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"They're saying this is for Adam Driver what Kramer vs Kramer was for Dustin Hoffman. More about him than about her.  Scarlett, to me, is the open question. By now it's Driver vs Phoenix for best actor." - Melchiades - Andrew

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Doc Corner: 'Contemporary Color'

Jonathan Demme’s Stop Making Sense is such an extraordinary piece of cinema that it is only natural that it casts a long shadow. That 1984 concert documentary of Talking Heads stuck in my mind a lot while watching Contemporary Color from directors Bill and Turner Ross. Not just because both films feature David Byrne as the primary artistic force behind them, but because they each suffuse music with performance with personality with theatricality. They both strive for an almost heightened sense of spirituality out of the creation of art. It’s just a shame that in the case of the Ross brothers' film, it just comes across as sloppy.

The film documents the performance of a special one-off performance at the Barclay Centre in Brooklyn. Spearheaded by Byrne and his newfound obsession with color guarding – a sort of synchronised swimming, but on land, and with way more prop rifles; Byrne describes them as “sophisticated folk art” – the event finds him inviting ten color guard teams and have them perform for a stadium audience alongside musical guests who wrote original songs as soundtracks. Songs, it must be said, that mostly sound like discarded album tracks and demos lifted out of storage and dusted off like it’s Woody Allen’s Irrational Man screenplay.

Some of the musicians like St. Vincent and Devonté Hynes (a wonderful discovery for myself) and even the hipster nonsense of a band ridiculously named How to Dress Well feel like naturals. Others like Nelly Furtado, Lucius, and Zola Jesus do not. Collaborating together, Ira Glass and Nico Muhly come closest to bridging the two worlds of music and dance performance best of all with a narrated soundscape featuring audio excerpts from Glass’ interviews with the dancers.

Beyond this sequence, the stories behind the color guarders, what brought them to the sport and what brought them to the Barclays Centre, are more or less unexplored in any effective detail. Efforts made by an awkward backstage emcee (of sorts – it’s hard to really tell what he’s meant to be) to get the dancers to divulge their inspirations frequently turn into hyperventilating giddiness. It’s cute in the moment, and offers in its own way a form of insight into these men and women, but for a documentary that’s already threadbare, it becomes a bit of a crutch to excuse digging deeper. You can see how excited they are so why does anything else matter?!

Most frustrating of all, however, and the reason why I ultimately don’t believe the film succeeds, is that the filmmakers never truly find a coherent way to visually reconcile both the music and the dance. Three cinematographers are listed, but the cameras rarely offer up anything beyond the standard long-medium-close set-ups while Bill Ross’ editing is often choppy, focusing too often on the musicians on stage and not the dancers below. Baffling choices are made throughout, like how the natural rhythms of the music and the narratives of the choreography are frequently broken up by unnecessary cuts from the floor to the backstage to other performers getting ready or just, for some unknown reason, empty corridors. At one point, we leave the action on stage to watch the stadium’s maintenance staff attending to a water spill. It is not thrilling. There is also no context to be found for a brief cut away to the breaking news of SCOTUS’ decision on same-sex marriage beyond perhaps a flaccid concept of togetherness.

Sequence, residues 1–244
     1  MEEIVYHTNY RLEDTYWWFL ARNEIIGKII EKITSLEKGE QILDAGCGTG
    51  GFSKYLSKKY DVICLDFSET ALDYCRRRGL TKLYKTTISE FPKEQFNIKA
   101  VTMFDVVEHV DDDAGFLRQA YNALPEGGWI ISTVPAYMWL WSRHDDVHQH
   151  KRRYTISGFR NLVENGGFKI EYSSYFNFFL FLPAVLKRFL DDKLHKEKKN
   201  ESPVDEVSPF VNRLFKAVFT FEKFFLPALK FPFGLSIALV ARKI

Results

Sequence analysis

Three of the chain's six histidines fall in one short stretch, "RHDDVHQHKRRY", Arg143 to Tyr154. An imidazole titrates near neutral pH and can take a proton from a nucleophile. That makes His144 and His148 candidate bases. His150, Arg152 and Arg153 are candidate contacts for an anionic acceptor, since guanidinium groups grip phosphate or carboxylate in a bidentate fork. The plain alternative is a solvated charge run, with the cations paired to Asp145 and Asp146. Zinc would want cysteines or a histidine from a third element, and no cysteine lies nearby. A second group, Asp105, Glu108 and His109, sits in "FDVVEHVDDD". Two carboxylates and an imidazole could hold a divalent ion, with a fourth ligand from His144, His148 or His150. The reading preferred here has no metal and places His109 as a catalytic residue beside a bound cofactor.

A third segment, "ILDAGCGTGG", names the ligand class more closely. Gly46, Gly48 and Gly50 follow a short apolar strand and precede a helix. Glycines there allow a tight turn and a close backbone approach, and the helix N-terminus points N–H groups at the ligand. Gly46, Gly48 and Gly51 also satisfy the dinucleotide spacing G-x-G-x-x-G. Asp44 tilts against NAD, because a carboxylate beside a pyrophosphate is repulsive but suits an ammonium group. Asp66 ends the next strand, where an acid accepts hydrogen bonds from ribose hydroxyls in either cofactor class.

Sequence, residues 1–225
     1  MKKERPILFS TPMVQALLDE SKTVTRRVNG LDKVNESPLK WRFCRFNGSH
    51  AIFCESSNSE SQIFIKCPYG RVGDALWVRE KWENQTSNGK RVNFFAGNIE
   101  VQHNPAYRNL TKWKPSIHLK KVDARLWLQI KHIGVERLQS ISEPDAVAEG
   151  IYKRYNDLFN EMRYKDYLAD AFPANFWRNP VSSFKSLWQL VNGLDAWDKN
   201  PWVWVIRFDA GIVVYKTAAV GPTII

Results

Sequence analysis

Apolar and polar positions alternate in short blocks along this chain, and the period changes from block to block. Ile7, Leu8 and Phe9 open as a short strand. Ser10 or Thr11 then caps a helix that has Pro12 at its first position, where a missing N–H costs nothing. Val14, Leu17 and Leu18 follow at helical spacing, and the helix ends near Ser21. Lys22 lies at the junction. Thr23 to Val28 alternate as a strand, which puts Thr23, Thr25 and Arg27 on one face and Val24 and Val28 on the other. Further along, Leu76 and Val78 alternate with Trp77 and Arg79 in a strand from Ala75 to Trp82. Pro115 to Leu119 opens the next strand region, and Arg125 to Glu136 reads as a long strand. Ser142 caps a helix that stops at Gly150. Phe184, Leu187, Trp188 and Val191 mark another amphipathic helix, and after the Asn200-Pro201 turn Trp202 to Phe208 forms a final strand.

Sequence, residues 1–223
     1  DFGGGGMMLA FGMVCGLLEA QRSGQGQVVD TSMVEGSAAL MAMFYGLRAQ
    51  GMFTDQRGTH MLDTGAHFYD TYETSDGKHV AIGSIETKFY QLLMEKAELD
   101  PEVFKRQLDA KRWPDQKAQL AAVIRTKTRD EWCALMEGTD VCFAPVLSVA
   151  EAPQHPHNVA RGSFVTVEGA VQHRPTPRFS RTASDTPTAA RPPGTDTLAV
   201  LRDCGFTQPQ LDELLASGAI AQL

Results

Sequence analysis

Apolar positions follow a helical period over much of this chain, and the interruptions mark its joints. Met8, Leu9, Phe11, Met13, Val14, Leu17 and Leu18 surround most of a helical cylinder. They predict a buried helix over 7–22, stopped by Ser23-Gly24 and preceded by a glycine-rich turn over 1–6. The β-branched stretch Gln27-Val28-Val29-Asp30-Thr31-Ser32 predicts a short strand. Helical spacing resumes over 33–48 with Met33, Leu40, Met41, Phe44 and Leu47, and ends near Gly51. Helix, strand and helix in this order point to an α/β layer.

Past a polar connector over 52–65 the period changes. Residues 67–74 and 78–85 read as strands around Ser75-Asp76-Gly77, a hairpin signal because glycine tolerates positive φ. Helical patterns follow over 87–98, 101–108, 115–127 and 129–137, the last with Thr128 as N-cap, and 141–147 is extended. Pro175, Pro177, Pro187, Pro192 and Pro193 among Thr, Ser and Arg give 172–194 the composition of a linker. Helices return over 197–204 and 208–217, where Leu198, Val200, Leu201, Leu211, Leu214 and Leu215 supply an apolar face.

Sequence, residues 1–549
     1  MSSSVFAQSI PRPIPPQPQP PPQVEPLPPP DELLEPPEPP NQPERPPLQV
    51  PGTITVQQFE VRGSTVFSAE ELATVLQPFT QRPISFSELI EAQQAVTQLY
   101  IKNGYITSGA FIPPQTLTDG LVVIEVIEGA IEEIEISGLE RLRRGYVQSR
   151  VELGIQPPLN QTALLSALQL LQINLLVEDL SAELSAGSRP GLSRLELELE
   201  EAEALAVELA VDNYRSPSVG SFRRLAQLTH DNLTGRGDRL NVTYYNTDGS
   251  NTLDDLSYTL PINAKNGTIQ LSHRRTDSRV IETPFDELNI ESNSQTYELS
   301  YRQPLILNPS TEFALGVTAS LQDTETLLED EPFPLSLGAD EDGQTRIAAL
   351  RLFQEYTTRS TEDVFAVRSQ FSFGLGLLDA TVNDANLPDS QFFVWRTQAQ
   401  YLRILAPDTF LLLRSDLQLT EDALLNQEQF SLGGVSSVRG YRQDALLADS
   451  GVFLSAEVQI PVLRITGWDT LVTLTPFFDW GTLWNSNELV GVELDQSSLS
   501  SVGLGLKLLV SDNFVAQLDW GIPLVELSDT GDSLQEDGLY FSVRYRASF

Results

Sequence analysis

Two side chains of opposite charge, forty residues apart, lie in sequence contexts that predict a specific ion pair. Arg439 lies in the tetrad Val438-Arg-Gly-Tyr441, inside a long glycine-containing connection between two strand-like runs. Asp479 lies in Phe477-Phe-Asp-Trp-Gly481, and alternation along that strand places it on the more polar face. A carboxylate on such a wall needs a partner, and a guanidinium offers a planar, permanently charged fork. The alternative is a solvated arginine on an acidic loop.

Only occasionally does the full potential of the endeavour as a cinematic experience – I am sure being at the event itself was a pure delight – truly come across. St Vincent’s number, for instance, allows the screen to become awash in color and movement as images are transposed over one another. It’s ethereal and rather beautiful and a sign of what could have been with a stronger cinematic concept. Contemporary Color doesn’t need to be compared to Stop Making Sense to disappoint, but boy is it hard to not.

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Reader Comments (2)

I saw this at the Sydney Film Festival last summer and could not understand the praise it was receiving at the time. I was in marching band during high school so I was excited for a film that spotlighted color guard. But I agree with you, Glenn, that the film did very little to showcase the guards and instead came off as...something. It's not really an advertisement for the artists either, so I guess it's just a testament to Byrne's ability to put together a show like this in a venue like the Barclays Center? It was the most diappointing film I saw at the festival.

March 7, 2017 | Unregistered CommenterJason H.

Jason, I am baffled that it has won editing awards considering it appears to completely misunderstand what editing is supposed to do.

March 7, 2017 | Unregistered CommenterGlenn Dunks

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